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28 December, 2020

MCG Test Now A Matter Of 'Patience Is Bitter, Result Is Sweet' For India

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INDIA VS AUSTRALIA | BORDER - GAVASKAR TROPHY | 2ND TEST, MCG


DAY THREE REVIEW


Team India are on the cusp of a series levelling Test victory. 
Indian team celebrates a wicket. 
Pic courtesy: BCCI.TV & Getty Images


Australia and their fans are hoping India become complacent again and collapse like 
they did in Adelaide, for 36. 


They have four wickets in hand and are 2 runs ahead in their second innings, with India to bat last.


For an encore, they have Pat Cummins and Adelaide Test debutant Cameron Green at the crease, followed by Cummins's New South Wales mates Nathan Lyon, Mitchell Starc and Josh Hazlewood.

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Among the five, only Green has come into the team as a batsman who can bowl. Together, they are expecting they'll be able to gather runs on Day 4 (Wednesday) and  dismiss 10 Indian wickets for a win.


The only difference this time around is: They are facing a revamped Indian side, in positions and attitude.


From Boxing Day to Day 3, also called the Moving Day, this Melbourne Test has offered valuable lessons from India's perspective on how to stay calm, composed, have patience, not allow a previous huge defeat affect your psyche  - all when you are away from home and have been forced to make four changes to the team, including two debutants.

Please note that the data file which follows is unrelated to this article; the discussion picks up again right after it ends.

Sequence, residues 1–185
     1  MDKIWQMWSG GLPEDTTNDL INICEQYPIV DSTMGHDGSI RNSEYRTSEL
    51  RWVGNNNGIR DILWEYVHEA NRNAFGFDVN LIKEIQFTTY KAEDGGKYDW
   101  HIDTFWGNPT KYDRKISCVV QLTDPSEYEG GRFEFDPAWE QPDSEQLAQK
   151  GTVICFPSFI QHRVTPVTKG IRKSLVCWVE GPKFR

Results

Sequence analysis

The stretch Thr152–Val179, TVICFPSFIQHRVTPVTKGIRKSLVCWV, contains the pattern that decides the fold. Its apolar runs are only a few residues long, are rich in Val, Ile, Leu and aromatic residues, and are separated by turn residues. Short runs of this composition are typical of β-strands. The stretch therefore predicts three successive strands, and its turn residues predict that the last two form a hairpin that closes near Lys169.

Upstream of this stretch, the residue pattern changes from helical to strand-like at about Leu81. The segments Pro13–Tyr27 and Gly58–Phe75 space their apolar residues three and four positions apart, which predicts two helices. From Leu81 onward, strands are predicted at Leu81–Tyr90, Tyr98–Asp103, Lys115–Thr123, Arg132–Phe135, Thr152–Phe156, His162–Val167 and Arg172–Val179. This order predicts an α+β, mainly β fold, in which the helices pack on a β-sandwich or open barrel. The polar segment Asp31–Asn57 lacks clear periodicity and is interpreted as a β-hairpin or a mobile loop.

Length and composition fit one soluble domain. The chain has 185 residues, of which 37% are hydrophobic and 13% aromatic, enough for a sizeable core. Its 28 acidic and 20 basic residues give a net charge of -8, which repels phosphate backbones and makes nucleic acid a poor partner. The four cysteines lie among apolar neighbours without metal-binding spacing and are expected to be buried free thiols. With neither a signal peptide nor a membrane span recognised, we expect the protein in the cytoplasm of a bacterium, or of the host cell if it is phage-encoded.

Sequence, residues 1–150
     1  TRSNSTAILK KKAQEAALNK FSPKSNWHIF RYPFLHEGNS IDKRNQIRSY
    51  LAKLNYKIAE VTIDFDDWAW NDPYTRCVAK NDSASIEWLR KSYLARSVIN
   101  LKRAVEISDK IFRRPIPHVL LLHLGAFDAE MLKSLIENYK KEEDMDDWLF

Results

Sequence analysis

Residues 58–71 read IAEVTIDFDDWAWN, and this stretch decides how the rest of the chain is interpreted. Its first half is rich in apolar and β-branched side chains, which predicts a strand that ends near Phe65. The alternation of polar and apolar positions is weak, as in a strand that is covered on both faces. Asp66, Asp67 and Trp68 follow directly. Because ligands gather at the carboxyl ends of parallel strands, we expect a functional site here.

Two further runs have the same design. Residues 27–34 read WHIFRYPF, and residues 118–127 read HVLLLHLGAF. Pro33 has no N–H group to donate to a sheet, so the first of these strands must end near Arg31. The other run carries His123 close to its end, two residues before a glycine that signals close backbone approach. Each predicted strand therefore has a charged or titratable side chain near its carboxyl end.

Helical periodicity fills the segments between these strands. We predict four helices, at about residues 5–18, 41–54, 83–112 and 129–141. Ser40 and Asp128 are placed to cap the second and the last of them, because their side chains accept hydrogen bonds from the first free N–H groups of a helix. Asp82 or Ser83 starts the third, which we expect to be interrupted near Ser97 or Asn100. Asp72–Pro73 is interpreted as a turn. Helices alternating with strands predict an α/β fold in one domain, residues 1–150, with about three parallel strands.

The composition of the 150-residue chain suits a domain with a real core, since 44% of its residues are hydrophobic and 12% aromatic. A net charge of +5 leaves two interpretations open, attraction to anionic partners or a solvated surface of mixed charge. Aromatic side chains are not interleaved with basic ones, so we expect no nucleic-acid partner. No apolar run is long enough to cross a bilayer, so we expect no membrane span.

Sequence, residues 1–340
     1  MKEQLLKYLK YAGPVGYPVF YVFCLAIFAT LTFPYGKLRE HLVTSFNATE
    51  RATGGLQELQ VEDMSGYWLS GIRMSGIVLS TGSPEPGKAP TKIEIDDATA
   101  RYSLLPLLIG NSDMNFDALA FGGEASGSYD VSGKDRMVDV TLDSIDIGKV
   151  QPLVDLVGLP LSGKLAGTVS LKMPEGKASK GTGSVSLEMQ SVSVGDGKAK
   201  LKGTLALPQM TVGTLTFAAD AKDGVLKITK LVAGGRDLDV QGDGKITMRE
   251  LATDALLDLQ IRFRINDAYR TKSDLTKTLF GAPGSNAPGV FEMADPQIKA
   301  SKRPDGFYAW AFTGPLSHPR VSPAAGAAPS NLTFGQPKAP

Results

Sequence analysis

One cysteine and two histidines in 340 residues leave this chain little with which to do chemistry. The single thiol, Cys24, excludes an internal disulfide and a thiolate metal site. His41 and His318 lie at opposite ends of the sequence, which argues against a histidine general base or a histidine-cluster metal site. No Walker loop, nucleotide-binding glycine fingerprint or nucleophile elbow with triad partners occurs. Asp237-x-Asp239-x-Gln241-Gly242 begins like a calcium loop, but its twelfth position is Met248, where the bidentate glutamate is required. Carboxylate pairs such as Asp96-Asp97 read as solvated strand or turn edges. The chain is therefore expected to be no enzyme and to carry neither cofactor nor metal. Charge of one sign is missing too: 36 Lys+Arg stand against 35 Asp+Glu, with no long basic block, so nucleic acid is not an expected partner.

Stand-in captain Rahane's exemplary patience is helping himself, his teammates and India. He has become a prime reference point for explaining to anyone how patience is a virtue.

Debutant Mohammed Siraj, who has impressed former Australian players watching him bowl, said this during the press conference after the end of Monday's play: "Jassi [Bhai - Jasprit Bumrah] was constantly telling me to have patience and the result will come. The wicket was not offering anything. So, as a senior he [Bumrah] suggested we bowl more dot balls and build up pressure."


Onsitego [CPA] IN As a fan, you'd have felt India made a rush of their effort when they resumed batting on the third day, 82 runs ahead. They lost five wickets for 49 runs, leaving Australia to first wipe off a deficit of 131 runs.


Aussie legend Shane Warne, from the commentary box, revealed that skipper Tim Paine had charted out the future course already in his mind.


Warne said Paine was confident that even if India leaves them a lead of 150, Australia's batting had the power to score 350 runs and make a match of it.

When they batted, Bumrah exposed a glaring weakness for the benefit of other bowlers on how Steve Smith can be tamed, Ravichandran Ashwin showed the hosts there could be several new variations to off spin bowling that their batsmen need to learn, Ravindra Jadeja gave a display of accurate bowling and Siraj exhibited how a debutant can turn incisive with encouraging support and advise from seniors.


There's little this Rahane-led side could do wrong when they step on the field on the fourth day.


As Siraj informed the media, their focus will be on not doing too much as the wicket has turned slow.


The last four Aussie wickets will get into the arena knowing that India's bowlers will bowl in specific areas, bowl lot of dot balls and build pressure, will  not give them easy balls to play, and will not do any trial runs with the tailenders.


The only option Paine's boys have is to bat like top order Test batsmen. 



Updated scorecard: Ind vs Aus, 2nd Test, Day 3









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